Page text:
Rising with the might of the United States of America’s economic, industrial, and militaristic gains since the end of World War II is a pervasive level of racial iniquity. In her book, The New Jim Crow: Mass Incarceration in the Age of Colorblindness, Michelle Alexander highlights the social structures that have retained a high level of contemporary racial injustice. A civil rights advocate, Alexander creates a timeline of events in American history that connects the disproportionate amount of black and Hispanic prisoners to the days of legalized slavery. Her primary thesis underpins misconceptions of modern-day racism by pointing out that the successes of prominent African Americans is not indicative of true racial desegregation, and instead she focuses on the rising percentage of minorities arrested and jailed as a perpetual and ongoing form of racism. This issue has gained a national stage with newly elected New York City Mayor Bill de Blasio and his push to stop the New York City Police Department’s controversial Stop-and-Frisk policy. The disbanding of Stop-and-Frisk may have significant reverberations on the popular conceptions of mass incarceration of minorities, but as Alexander lays out, the problem is rampant, misunderstood, and widely ignored.
Racism is a prominent part of American history. In The New Jim Crow, Alexander begins by creating a narrative of racism in the social context of that history. The resulting argument ends on mass incarceration of America’s minority citizens as a problem of racism that remains just as destructive to the health and wellbeing of a national society as it was three hundred years ago. Alexander brings about her argument by establishing reemerging patterns of a contemporary racial caste system that was widespread in the immediate days following the end of legalized slavery. Recent successes of African Americans like President Barack Obama do not indicate a breakdown of this racial caste system as “the superlative nature of individual black achievement today in formerly white domains is a good indicator that the old Jim Crow is dead, but it does not necessarily mean the end of racial caste” (Alexander, 2010, p. 12). Such a derogatory system is seen more easily in the scope of the American prison system.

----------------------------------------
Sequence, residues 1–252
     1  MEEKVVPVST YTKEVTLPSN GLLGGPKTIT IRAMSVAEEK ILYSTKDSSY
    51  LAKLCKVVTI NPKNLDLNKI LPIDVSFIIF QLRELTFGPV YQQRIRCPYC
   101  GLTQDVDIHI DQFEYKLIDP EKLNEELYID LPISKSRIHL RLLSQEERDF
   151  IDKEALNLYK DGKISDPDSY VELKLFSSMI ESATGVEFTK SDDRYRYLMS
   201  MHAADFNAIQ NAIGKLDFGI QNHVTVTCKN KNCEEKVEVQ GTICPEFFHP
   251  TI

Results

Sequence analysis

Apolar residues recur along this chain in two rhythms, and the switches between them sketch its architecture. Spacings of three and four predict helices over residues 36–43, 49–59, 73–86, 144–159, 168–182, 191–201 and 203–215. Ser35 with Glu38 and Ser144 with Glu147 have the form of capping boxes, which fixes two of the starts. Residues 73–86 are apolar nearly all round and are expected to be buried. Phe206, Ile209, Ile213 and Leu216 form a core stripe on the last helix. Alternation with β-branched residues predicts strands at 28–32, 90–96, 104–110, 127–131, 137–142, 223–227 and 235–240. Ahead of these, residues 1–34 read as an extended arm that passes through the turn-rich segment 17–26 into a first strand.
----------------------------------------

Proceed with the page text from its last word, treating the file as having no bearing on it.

With increased federal power the American prison system has grown to be a facet of American society. A disproportionate amount of blacks and Hispanics within that system, Alexander argues, is a serious threat to the future of American society. The War on Drugs, started in 1982, is a major reason for the large numbers of black and Hispanic prisoners, and the racial prejudice within the criminal justice system has been pushed by conservative politicians in former slave states who have “systematically and strategically linked opposition to civil rights legislation to calls for law and order” (Alexander, 2010, p. 24). Law and order, it seems, is a rallying cry for civic order disguised as covert racism.
A problem with the American criminal justice system that The New Jim Crow highlights is that racial inequity can easily be used as a naïve belief in the fact that increased incarceration of blacks and Hispanics means these individuals are deserved of the punishments their crimes afford. Alexander supports this claim by citing the many problems that slip through the cracks of large bureaucracies. “Full blown trials of guilt or innocence rarely occur,” she explains, using the widespread occurrence of plea deals as a format to discuss how severe penalties, inadequate legal representation, and prior criminal history force innocent people into guilty judgments (Alexander, 2010, p. 35). The resulting lives that criminals in America hold place them into society as second-class citizens. She cites the many restrictions placed on convicted felons, such as the inability to vote, as a problem that affects much larger social implications within communities that are primarily black or Hispanic. The formal stigmatization of felons is a common principle of punishing serious criminal activity, but when one group of people is overtly targeted for such crimes the entire community is affected. Alexander cites the large proportion of black professional women who remain unmarried, and the conception that black men are bad fathers as indicators of ignorance within popular American culture. The War on Drugs may have started with popular support against the ravages of drug addiction, and that support remains prevalent within a society that fails to see the domestic collateral damage of such a “war.” Alexander (2010) points out that the War on Drugs has imposed unfair penalties and that “drug offenders in the United States spend more time…in jail or prison, on probation or parole” than drug offenders in any other country in the world (p. 87). The War on Drugs has imposed a formal level of racial inequity that disrupts minority communities.